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Native Californian, biologist, wildlife conservation consultant, retired Smithsonian scientist, father of two daughters, grandfather of 4 small primates. INTJ. Believes nature is infinitely more interesting than shopping malls. Born 100 years too late.

Sunday, February 17, 2013

In a patch of horsetail

 I have been stumbling into patches of horsetail for several years now.

You know the stuff . . . scour brush . . . puzzlegrass . . . Equisetum.

It's a bizarre and ancient family of plants, a living fossil.

I think I read somewhere that native Americans used the gritty stems as toothbrushes. If true, they had calloused gums and no tooth enamel.

Horsetail grows in moist soil, in small patches or large monocultures -- Jurassic gardens, so to speak, and an authentic venue for war games with dino toys.

I've wondered what if anything lurks in horsetail, until last September when I finally got around to setting a camera trap in a stand near the Mad River.

It was on a silted flood bench, measured about 60 by 30 feet, and was surrounded by riparian woodland -- sword fern, alder, willow, Ceanothus, and bay laurel.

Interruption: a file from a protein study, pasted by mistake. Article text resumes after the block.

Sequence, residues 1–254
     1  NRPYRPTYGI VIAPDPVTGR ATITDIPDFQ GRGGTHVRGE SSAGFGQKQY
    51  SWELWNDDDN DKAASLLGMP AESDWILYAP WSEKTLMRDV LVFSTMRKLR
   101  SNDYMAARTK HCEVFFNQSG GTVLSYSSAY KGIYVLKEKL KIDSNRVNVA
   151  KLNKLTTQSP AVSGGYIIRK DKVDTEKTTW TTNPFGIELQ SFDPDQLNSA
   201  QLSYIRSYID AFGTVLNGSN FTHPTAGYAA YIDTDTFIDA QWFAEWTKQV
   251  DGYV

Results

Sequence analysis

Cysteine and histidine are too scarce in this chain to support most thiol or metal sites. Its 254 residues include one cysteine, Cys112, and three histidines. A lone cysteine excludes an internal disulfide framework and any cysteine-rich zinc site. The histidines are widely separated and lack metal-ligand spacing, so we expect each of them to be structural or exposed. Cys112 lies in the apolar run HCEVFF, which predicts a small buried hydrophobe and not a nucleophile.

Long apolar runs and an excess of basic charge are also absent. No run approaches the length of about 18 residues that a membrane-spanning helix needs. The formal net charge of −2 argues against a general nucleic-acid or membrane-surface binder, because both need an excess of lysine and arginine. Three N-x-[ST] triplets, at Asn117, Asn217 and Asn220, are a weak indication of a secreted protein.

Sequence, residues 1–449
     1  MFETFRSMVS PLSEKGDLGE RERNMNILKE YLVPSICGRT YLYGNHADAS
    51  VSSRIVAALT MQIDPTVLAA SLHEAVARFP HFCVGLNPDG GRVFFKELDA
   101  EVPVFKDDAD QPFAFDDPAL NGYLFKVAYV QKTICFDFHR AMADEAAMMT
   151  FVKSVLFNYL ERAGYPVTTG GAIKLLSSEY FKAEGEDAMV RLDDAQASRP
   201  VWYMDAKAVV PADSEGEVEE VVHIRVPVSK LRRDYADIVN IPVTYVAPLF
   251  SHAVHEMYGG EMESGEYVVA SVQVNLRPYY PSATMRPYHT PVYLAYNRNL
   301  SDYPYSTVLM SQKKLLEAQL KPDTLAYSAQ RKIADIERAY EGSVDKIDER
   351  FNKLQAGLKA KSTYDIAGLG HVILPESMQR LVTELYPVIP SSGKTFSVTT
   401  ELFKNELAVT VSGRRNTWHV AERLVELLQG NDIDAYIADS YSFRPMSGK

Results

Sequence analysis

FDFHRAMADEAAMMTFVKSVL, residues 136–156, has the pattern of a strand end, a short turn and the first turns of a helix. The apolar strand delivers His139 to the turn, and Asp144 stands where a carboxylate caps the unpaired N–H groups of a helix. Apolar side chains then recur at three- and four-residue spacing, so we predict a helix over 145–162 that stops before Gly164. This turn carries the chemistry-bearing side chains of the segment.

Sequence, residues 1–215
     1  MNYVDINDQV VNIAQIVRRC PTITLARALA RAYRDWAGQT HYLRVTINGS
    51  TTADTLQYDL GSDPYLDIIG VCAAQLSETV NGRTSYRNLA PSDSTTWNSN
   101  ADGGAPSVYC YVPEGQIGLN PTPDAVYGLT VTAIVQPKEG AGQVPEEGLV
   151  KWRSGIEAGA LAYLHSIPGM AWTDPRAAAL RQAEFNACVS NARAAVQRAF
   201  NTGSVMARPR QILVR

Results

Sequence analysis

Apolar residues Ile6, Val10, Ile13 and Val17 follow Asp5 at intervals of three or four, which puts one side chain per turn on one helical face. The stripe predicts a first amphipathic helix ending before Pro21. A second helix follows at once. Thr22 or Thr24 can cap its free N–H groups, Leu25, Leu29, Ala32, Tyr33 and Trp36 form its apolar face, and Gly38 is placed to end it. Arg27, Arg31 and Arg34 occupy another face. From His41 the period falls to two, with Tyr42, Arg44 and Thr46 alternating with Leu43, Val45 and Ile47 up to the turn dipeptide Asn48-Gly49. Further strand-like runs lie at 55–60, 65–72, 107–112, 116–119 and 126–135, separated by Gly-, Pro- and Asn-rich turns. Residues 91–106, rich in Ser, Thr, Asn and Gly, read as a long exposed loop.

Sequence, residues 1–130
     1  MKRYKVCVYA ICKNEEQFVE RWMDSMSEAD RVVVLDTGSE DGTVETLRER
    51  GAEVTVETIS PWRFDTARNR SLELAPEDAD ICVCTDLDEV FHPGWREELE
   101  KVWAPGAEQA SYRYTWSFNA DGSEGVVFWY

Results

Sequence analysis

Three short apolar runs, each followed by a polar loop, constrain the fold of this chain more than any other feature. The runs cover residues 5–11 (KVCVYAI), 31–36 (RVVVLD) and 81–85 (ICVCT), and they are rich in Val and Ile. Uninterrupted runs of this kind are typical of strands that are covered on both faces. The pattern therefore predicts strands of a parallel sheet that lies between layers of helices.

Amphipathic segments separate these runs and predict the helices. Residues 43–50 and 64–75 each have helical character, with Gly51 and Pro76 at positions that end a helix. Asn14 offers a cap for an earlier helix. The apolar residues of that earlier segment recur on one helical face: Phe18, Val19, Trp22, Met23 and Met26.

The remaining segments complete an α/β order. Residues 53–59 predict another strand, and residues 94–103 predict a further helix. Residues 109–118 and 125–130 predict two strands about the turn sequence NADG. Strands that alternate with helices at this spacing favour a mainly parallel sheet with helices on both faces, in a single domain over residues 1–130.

It was a troublesome set.

The camera happened to be one of my early constructions with a rocker switch on the bottom, not a recommended design for a macro-set with the camera sitting on the ground.

Two months later (early November) I found that I had inadvertently switched off the power when I set the camera.

I set it again and waited another 75 days.

The battery pooped out after 53 days, but I was gruntled to find there were 260 exposures.

The usual suspects, woodrats and deer mice had evidently triggered many of the 110 blank exposures,

but we also got opossums, raccoons, bobcats, and a spotted skunk.

And a song sparrow.

Many of the larger mammals were captured as partial images, because this was a macro-set, and my real goal was -- you guessed it -- shrews and white-footed voles.

So I was pleased to get the shrew at the top of the page.

As for its identity, we can dismiss two possibilities.

The marsh shrew has a dark belly, nearly as dark as its back, and the fog shrew has a unicolored tail.

That leaves us with the Wandering shrew and the Trowbridge shrew, both of which have bicolored tails and winter coats of gray.

The site was suitable habitat for both species.

If we can find an even bigger patch of horsetail, I'm game for another set.


John Van Niel said...

I had never heard about the teeth cleaning before. I have heard that you can use horsetail (or scouring rush) to clean cookware. I have only shined pennies. Great photo of that bobcat, but the shrew is the one that makes me envious... :)

Henry said...

Always great to get a Shrew, congrats! I enjoyed the Opossums as well, what strange creatures!

john said...

Oh my gosh! Those horsetails are gigantic. Our local Alaska horsetails are wispy things with a thin central stem, no more than about 15" tall. They are very abundant on the forest floor and beautiful.
Great shrew, possum, and Song Sparrow shots.